Sometimes the needs of finishing this house overwhelm my sense of environmental appropriateness. The deck is stacked against the person who wants both: to use reclaimed materials AND be frugal. That doesn’t seem to make sense – does it? What I am learning is recycled materials often need more trimming, modification or retrofitting – they need more time. The do-it-yourselfer stands a better chance to make these ends meet. So…I settle on compromises to my aspirations. I wonder – should I have slowed down? Maybe with more time better choices might have wiggled free. Hind sight.
Even before the snow the land had on its winter coat. The trees, deep brown spears against the slight backyard rise corralled by stone fences.
Stones with green moss and lichen smoothing their craggy surfaces in shades from vibrant (shamrock! parakeet!) to muted (seaweed, olive).
They are a relief in this rusty landscape. I have taken to reading garden supply catalogs (when did I turn into my mother? I ask…). I know from my pitiful planting experience that the pictures found within promise something rarely seen in real life. Or, maybe, time is the factor – years. But still…imagine: a New Dawn rambling, climbing pink rose making its way up the corner of the house before arching over the living room windows.
I love the smell of construction. It triggers childhood memories like few other scents (crayons or colored paper being a close second). I grew up with time marked by one building project after another. My father, a Purdue University trained civil engineer and eventual naval architect, was never happier than when knee deep in construction or designing at the drafting table. Building – whether houses, stores, offices or sailboats – was a constant until the very day he died.
building the store in Gary with my older sisters as helpers
building his boat in Mystic, CT
my dad in the middle of another project
The smell of freshly sawn wood, poured concrete or construction sand piles all zap me back to my childhood. As kids we used to pick up all of the “coins” of metal that came from the electrical boxes and navigate the perimeter edge of the recently poured concrete basement after a torrential rainstorm made it a pond. We played on the mountain of construction sand treating it like the world’s largest sandbox.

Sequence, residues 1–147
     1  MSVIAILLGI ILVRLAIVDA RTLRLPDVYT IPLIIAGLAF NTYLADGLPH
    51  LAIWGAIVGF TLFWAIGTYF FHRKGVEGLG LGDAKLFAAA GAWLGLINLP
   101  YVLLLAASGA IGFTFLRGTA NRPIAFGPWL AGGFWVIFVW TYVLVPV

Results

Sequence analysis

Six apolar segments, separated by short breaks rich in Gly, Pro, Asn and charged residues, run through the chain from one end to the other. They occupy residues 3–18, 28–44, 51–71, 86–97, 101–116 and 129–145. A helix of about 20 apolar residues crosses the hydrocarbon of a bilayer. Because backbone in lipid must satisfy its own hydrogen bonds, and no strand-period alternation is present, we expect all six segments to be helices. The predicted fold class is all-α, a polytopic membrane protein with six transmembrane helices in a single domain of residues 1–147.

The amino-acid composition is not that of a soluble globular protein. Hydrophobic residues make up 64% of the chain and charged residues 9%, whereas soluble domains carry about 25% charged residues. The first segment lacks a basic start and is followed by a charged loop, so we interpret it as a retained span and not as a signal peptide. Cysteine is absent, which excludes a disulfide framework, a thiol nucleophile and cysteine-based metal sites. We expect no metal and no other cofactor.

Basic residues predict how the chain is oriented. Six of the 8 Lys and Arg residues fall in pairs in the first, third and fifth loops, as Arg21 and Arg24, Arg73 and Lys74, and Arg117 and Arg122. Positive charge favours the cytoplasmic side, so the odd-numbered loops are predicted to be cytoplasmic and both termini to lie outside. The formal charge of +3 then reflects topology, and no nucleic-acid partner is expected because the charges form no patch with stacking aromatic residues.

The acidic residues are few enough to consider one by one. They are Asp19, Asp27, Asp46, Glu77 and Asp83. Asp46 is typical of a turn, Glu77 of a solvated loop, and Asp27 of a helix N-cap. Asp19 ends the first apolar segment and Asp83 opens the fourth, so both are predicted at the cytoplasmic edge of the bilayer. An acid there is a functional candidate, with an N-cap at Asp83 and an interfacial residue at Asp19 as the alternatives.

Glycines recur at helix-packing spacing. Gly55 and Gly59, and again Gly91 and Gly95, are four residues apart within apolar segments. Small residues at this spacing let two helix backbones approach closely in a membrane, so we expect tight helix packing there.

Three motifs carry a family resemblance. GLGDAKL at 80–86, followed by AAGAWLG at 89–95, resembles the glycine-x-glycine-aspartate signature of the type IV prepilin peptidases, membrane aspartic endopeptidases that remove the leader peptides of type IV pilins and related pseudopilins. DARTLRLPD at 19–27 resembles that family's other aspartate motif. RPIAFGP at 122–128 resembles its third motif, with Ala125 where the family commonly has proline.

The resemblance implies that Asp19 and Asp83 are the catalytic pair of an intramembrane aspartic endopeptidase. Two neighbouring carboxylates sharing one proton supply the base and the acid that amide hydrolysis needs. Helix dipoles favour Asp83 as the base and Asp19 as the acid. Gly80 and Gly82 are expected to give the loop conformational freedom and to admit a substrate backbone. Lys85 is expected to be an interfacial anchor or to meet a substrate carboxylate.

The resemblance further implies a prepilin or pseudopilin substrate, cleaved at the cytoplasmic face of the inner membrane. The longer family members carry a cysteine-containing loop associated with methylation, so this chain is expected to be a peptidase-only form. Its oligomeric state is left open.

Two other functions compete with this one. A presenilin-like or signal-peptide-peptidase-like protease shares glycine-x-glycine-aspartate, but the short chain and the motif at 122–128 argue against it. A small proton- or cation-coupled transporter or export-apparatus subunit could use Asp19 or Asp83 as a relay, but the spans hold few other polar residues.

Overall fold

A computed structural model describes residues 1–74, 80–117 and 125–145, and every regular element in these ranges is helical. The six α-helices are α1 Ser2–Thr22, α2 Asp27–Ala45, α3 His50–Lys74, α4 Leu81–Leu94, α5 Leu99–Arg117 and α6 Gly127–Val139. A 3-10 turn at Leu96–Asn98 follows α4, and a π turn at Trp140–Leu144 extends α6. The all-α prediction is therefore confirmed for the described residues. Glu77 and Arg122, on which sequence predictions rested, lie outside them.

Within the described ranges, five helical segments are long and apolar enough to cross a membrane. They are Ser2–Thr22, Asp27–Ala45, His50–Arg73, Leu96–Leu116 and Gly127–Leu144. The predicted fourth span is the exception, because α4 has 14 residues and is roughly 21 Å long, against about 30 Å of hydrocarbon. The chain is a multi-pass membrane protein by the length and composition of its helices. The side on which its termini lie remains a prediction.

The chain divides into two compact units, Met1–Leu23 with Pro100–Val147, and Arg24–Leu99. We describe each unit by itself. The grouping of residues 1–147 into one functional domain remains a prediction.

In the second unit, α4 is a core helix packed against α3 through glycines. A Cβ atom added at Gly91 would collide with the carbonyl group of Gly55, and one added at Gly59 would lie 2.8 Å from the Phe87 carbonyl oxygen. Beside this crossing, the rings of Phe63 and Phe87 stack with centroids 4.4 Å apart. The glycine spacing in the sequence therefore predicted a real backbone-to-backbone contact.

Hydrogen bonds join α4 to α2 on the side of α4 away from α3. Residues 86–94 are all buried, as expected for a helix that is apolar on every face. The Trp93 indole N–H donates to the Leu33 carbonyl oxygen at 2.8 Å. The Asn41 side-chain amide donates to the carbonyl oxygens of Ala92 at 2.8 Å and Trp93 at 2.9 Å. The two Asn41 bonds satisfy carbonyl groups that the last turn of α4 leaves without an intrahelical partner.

I think of my dad a lot as I work on this house. My mom often says that my dad would have loved this project and been my steady guide during all of the design and construction choices. My sister wonders if all of these “daddy” long leg spiders are here to remind me that my dad is present and watching. I like that notion.
I feel certain my dad would appreciate Brian, my contractor, very much.
During this past summer on cloudy, humid days that threatened rain and kept the job site quiet – I would just sit and look at the house and land. I didn’t often get this chance since so much work was being done and I didn’t want to get in the way of progress. I learned it takes time to see with clear eyes, to notice details, patterns and connections. It reminds me of when my babies were born and I could spend hours looking at them – getting to know them intimately by just holding them and watching carefully. An exercise in being present if ever there was one. This project triggers the memory of joy you get in giving or receiving that undivided attention.